Google embraces Wave's permission chaos
It's for your own good
Enterprise 2.0 Google is embracing complete user-access anarchy in its new-age collaboration tool, Google Wave, so that early testers won't be tempted to fall into their old emailing habits.
A puzzling attribute of Google's new open-communication sandbox is the complete lack of permissions. As it stands today, if a person is invited to a Wave session they have full editing privileges on absolutely everything. And with Google intending Wave to become a serious collaboration tool for businesses, there's clearly some potentially disastrous situations ahead if an army of underlings can simultaneously fiddle with something like a quarterly report or grant application without permission.
Speaking at the Enterprise 2.0 Conference today in San Francisco, Google Wave's product manager Gregory D'Alesandre explained that leaving out access controls is part of Google's agenda to wean users and developers away from restricted email environments.
"We really buy into the concept of collaboration - and collaboration in all things," said D'Alesandre. "Eventually we'll get to the point where we have some permissions where you have read-only people. But when we started, we realized if you put all those permissions in place, everyone would immediately lock down everything because that's what we're accustomed to."
So his team instead chose to blow open the barn door completely. Although Google Wave does provide a session recorder so users can discover who edited what and when, there's nothing to prevent items from being modified in the first place. Admitting that even employees inside Google had difficulties at first getting used to editing each other's messages with abandon, D'Alesandre said therein lies the company's vision of replacing traditional email with free-sharing Wave.
"We realized if we put all these sorts of classic permissions into place so people could lock it down and make it feel like email - they would lock it down and make it feel like email," he said.
Novell and SAP have already sipped the commune-ication Kool-Aide in Google Wave.
SAP swung by during the presentation to show off its Gravity application for Wave which allows users to collaborate on creating and modeling business processes.
Next came Novell to show how it's working to plug its new real-time document collaboration platform, Novell Pulse, into Google Wave.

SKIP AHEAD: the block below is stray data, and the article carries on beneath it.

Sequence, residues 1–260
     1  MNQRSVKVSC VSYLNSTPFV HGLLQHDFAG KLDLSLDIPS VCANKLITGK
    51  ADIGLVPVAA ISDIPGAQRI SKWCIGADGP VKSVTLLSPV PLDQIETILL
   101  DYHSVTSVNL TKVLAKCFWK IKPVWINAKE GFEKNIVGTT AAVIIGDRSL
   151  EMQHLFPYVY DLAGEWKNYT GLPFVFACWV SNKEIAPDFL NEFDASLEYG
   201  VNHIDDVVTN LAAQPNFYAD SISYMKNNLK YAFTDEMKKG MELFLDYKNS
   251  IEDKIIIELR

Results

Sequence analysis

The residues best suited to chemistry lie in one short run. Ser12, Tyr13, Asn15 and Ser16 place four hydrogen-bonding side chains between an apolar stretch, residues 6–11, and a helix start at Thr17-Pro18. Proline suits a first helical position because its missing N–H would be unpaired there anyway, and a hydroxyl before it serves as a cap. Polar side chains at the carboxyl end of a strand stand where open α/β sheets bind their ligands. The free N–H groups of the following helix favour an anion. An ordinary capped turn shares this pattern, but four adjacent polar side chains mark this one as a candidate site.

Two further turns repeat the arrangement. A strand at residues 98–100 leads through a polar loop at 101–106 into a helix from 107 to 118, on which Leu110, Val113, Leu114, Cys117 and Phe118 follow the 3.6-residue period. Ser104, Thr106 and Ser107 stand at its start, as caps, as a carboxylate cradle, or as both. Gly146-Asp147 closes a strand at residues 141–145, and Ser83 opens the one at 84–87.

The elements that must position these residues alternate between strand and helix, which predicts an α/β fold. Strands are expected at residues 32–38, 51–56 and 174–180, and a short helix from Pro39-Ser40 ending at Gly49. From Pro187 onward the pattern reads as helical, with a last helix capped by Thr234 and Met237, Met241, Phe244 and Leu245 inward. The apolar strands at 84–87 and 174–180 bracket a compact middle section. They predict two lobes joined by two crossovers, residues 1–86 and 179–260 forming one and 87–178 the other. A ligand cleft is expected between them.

Novell says Pulse combines email, document authoring, and social messaging into a single platform - and if you think that sounds exactly like Wave itself, you aren't alone. In fact, it was hard to tell where Wave stopped and Pulse began in the demonstration.
And while Novell said Pulse will feature robust security and management capabilities, the demo showed several people editing each other's instant messages as easily as they pleased. Evidently, they're jockeying against the order inherent in email too. ®
too much ... too much
email cover 80% of our collaborative needs with 10% of the effort of something like wave.
everyone is opted in to email, not everybody will opt in to wave. certainly not many people with control over the budget. If they are not in, then it becomes something the low-level techies bond around that has no impact on anything.
wave and silverlight, in the future's bin
Abuse is a non-issue...
In a work setting people don't crap in the halls or graffiti the meeting rooms because they'd be fired. Why would this be any different considering there is a traceable history?
"...installing a backdoor (google updater)..."
It's a backdoor?
That's funnny, I'd rather assumed it was a marketing tool designed to sell multicore CPUs and SSDs. Removing* this wonderful piece of crapware from your PC does more for boot times than upping the CPU frequency by a gigahertz, adding a gig of RAM and swapping the HDD for a velociraptor.
*I do mean "removing" rather than "uninstalling", as the uninstall option appears to do nothing bar expunging the end-user visible bits.